SCHEDULE:

FALL 2021 Session (September 13 – December 13, 2021) * Registration opening sometime in mid-August 2021*

  • Advanced – Chem Eng/IBBME/MSE stream. Mondays, 9am-12pm | Starts Sept 13 (room to be determined)
  • Advanced – MIE/ECE/Civil/UTIAS stream -  Wednesdays, 9am-12pm | Starts Sept 15  (room to be determined)

REGISTRATION:

FALL Courses: TO REGISTER FOR A COURSE, PLEASE CLICK  TO DOWNLOAD FORM, COMPLETE AND EMAIL TO: alex.schroen@mail.utoronto.ca

WINTER Courses: TO REGISTER FOR A COURSE, PLEASE CLICK  TO DOWNLOAD FORM, COMPLETE AND EMAIL TO: alex.schroen@mail.utoronto.ca

SUMMER Courses: TO REGISTER FOR A COURSE, PLEASE CLICK  TO DOWNLOAD FORM, COMPLETE AND EMAIL TO: alex.schroen@mail.utoronto.ca

Please note:

  • There is a $100 non-refundable registration fee. Please ask your supervisor for support and to provide their funding account information on the registration form.
  • Enrolled students have 2 weeks from the start date of their writing course to withdraw from the course and receive their registration payment back. Withdrawals beyond 2 weeks will not receive a refund.
  • Each course is limited to 20 students and registration is processed on a first come, first served basis. Waitlists are up to the discretion of the instructor. Students must be actively registered in their program to participate.
  • Due to the influx of applications, we cannot confirm receipt of each application nor we will contact you if your application is incomplete or incorrect. It is your responsibility to ensure that you submit a completed application, and with correct information (ie. you do not sign up for a course that is offered in a session that is not currently open for registration). Incomplete/incorrect applications will not be processed.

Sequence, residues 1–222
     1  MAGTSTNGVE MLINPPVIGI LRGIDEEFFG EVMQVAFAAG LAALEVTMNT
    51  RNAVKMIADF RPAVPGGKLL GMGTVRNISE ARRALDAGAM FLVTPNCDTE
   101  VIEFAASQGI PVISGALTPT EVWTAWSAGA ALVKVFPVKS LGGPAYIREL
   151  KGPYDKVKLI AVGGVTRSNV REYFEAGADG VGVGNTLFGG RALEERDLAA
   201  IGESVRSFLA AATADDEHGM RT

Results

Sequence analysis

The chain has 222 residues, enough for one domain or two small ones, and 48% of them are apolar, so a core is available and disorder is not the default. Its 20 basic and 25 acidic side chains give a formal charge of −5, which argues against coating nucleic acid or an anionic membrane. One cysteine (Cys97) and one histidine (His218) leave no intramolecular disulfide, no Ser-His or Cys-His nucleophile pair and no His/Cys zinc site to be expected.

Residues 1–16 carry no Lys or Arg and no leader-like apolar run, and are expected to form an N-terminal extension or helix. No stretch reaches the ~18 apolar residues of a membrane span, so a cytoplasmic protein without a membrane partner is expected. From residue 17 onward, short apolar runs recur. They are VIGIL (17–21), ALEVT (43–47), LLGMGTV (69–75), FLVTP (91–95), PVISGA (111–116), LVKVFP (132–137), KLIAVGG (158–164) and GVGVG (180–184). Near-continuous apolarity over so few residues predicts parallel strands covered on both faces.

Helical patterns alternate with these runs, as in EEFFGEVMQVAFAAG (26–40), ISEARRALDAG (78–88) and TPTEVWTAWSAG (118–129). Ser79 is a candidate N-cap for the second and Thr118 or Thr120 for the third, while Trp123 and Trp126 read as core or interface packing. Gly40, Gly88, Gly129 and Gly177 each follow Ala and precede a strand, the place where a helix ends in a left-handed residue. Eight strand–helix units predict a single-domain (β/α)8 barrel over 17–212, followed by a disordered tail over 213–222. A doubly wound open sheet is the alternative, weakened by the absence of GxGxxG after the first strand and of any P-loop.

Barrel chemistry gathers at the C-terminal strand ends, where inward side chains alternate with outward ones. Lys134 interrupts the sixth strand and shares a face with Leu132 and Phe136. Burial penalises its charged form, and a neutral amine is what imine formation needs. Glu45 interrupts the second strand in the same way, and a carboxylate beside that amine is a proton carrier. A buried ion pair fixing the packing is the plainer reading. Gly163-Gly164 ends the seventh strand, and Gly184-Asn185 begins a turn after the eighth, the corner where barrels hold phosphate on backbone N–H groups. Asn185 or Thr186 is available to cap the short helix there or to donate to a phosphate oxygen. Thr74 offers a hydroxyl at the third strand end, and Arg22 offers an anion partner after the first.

• Once your application has been successfully processed, you will receive a email confirming your enrolment in the course.
  • For course related questions, please contact Debby Repka, the instructor of the courses, at d.repka@utoronto.ca. For all other enquires and registration, please send an email to alex.schroen@mail.utoronto.ca

ABOUT THE INSTRUCTOR:

Debby Repka has taught scientific writing to graduate students at the University of Toronto for over twenty-five years, working across the Engineering disciplines and in the Department of Computer Science, as well as instructing undergraduates in the Faculty of Arts and Science. She uses unique curricula based on her extensive experience and often developed in collaboration with her students’ supervisors.

Her hands-on teaching philosophy enables students to apply the material directly to their own written work. They also have the opportunity to develop the skills required to communicate their research orally. Their theses and papers are more likely to be accepted and their presentations to have a greater impact. The courses require dedication and hard work, but the investment pays off.